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What you need to know about Working in Retirement and Post Retirement Benefit

CPP Overview

The Canada Pension Plan (CPP) ensures that in the case of retirement, disability, or death, a partial replacement of earning will be provided to CPP contributors and their families. CPP contributions are made by most of Canadians who work outside of Quebec.

Post Retirement Benefit (PRB)

Post-Retirement Benefit (PRB) was introduced in 2012 which allows Canadians, who are receiving Canada Pension Plan retirement pension, to continue to contribute to the CPP if the individual is still working. Contributions made will go forward to the person’s PRB that leads to increasing funds in that individual’s retirement income. In other words, PRB is like CPP, indexed lifetime benefits, that will be paid monthly.

Post-Retirement Benefit (PRB) Eligibility

In able to be eligible for PRB, you have to meet all of the following conditions:

  • Between the age of 60 to 70

○ 60 to 65 years of age

CPP retirement pension recipients who are under 65 years old and still working must contribute to the CPP

○ 65 to 70 years of age

Contribution to the CPP is optional when you are 65 years of age or older

  • Contributing to the CPP while still working
  • Collecting a retirement pension from either the CPP or the Quebec Pension Plan (QPP)

However, not only you but also your employer(s) need to contribute to the CPP. If you are self-employed, you need to contribute to both the employee and employer portions of the CPP. Additionally, CPP contributions will be stopped when you reach the age of 70.

To stop or continue to contribute to the PRB:

CPT30 form needs to be filled out if you wish to stop contributing to the PRB. A copy of the form has to be sent to your employer, and the original form also needs to be sent to the Canada Revenue Agency (CRA).

You can start contributing once again by submitting section D of a new CRA form CPT30 to CRA and send a copy of the form to your employer.

However, only one change can be made per calendar year. Contact CRA if you are self-employed.

Post-Retirement Benefit (PRB) Calculation

Three elements affect your amount of PRB:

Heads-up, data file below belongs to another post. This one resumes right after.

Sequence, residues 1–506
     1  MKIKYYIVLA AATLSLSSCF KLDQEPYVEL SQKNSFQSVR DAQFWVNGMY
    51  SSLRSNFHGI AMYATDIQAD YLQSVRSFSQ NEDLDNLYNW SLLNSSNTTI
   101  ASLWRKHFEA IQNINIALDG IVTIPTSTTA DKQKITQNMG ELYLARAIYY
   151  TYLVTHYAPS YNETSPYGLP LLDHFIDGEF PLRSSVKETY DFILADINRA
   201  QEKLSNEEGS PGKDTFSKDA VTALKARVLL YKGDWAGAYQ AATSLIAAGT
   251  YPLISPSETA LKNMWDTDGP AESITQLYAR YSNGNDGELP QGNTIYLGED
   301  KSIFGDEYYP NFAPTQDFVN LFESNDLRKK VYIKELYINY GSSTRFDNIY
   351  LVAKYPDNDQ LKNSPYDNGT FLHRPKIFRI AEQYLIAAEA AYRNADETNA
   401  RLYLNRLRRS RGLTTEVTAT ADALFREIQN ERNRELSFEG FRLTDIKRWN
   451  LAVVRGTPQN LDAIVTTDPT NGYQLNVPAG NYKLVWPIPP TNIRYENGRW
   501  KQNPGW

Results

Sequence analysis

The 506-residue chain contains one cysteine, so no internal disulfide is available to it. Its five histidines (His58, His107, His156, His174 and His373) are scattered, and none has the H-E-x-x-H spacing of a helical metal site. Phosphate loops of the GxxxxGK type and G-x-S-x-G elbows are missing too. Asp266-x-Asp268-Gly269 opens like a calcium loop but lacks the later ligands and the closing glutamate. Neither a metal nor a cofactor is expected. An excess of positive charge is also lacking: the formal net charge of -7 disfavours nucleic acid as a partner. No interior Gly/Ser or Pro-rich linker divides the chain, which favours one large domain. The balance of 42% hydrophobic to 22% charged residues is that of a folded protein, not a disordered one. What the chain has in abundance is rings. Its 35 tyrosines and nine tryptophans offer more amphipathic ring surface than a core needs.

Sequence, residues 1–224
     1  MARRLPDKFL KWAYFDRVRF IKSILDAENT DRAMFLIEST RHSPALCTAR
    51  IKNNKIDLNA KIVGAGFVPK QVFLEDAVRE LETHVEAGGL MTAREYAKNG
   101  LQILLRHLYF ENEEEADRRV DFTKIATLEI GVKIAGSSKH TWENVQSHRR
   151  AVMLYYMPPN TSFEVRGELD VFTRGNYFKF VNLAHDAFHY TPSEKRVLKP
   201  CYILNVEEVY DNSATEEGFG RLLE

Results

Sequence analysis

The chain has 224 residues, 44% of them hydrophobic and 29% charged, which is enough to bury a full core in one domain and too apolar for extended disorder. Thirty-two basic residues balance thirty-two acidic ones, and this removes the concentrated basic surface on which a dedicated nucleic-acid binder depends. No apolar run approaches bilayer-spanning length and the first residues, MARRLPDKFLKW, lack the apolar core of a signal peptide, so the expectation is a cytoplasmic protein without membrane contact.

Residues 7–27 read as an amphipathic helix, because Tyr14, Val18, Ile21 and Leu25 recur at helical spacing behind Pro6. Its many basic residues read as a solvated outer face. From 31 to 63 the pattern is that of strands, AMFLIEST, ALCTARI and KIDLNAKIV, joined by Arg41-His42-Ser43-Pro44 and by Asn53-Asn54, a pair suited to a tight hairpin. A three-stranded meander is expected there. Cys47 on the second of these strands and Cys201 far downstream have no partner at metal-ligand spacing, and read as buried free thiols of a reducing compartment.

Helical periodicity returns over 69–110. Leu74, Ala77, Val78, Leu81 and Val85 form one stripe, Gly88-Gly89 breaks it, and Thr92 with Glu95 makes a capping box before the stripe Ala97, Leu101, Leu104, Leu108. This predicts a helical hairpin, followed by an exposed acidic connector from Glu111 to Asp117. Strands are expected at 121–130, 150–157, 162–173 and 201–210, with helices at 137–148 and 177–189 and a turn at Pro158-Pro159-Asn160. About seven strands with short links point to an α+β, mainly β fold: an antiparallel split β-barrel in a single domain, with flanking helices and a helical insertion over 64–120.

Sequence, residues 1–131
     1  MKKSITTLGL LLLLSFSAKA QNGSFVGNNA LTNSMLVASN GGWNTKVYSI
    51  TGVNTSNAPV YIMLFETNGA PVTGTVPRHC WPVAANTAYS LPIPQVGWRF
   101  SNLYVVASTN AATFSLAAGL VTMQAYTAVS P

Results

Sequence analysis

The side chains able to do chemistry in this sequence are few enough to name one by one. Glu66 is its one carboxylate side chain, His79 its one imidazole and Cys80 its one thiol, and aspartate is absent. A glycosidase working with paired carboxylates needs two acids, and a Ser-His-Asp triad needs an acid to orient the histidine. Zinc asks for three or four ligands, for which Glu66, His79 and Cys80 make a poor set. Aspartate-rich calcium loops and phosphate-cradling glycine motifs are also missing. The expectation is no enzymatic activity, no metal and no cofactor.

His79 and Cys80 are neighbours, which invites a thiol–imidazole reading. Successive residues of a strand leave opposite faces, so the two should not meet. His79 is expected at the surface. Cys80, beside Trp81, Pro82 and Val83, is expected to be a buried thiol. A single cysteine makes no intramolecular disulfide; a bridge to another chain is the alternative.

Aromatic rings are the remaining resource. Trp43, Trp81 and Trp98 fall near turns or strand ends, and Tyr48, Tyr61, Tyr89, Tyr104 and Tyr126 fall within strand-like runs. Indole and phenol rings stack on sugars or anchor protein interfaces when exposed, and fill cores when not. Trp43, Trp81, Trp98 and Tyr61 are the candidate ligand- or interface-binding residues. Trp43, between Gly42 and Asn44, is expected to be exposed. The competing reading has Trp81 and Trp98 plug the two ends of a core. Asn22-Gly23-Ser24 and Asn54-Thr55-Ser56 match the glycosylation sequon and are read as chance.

• Your income while working in retirement
  • The contribution amounts you made to the CPP during the previous year
  • Your age when you start contributing to the PRB

Two ways could help to calculate your PRB amount:

The Canadian Retirement Income Calculator

The Canadian Retirement Income Calculator (CRIC) could be used to help you estimate the amount of your PRB. The CRIC can also calculate an estimated number of your CPP and OAS.

Max PRB =  Max CPP retirement pension

If your contribution is less than the maximum, the amount of the year’s PRB will be proportional to your contributions.

The PRB Formula (Monthly Payment)

Post-Retirement Benefit (PRB) Formula - Cascadesfs

PRB = A x B x C

A =  Your pensionable earnings divided by the YMPE for that year

B =  1/40 of the maximum age-65 retirement pension for the year following the earnings

C =  The age-adjustment factor. It is a percentage based on your age as of January of the year following the earnings

What you need to know before contributing to PRB

PRB’s Effects to Other Benefits

Each new PRB will be added to any previously earned PRB and any of your entitled CPP benefits.

Even if you are receiving the maximum amount from your CPP, you can still build up your retirement income by contributing to the PRB. However, PRB might impact your ability to be eligible or to be benefited from the Old Age Security pension, the Guaranteed Income Supplement, or other provincial or territorial programs.

Notes: After the retirement pension starts, the contributions made do not create eligibility for, or increase the amount of, other CPP benefits.
The PRB cannot be shared with a current spouse or divided with a former spouse.

Contributions to CPP

Contribution rate toward the CPP is the same as all CPP contributions:

  • Employees: 4.95% of pensionable earnings
  • Employers: 4.95% of the employee’s pensionable earnings
  • Self-employed contributors: 9.9% of net pensionable income

Overall, it is necessary to take in consideration of all factors that could potentially affect your client’s retirement income. At Cascades – Retirement Income Planning software, we develop the algorithm that helps to bring the most income to your clients with the least amount of tax paid. Try Cascades now for FREE for 30 days.

Cascades - a new framework for retirement and estate planning

References:
https://www.theglobeandmail.com/globe-investor/retirement/retire-working-in-retirement/could-the-post-retirement-benefit-work-for-you/article34700906/
https://retirehappy.ca/ cpp-post-retirement-benefit/
https://www.canada.ca/en/services/benefits/publicpensions/cpp/cpp-post-retirement/before-apply.html
http://www.workingafterretirement.com/tax-issues-canada/
http://www.moneynewsdaily.com/how-to-calculate-your-cpp-post-retirement-benefit-prb/

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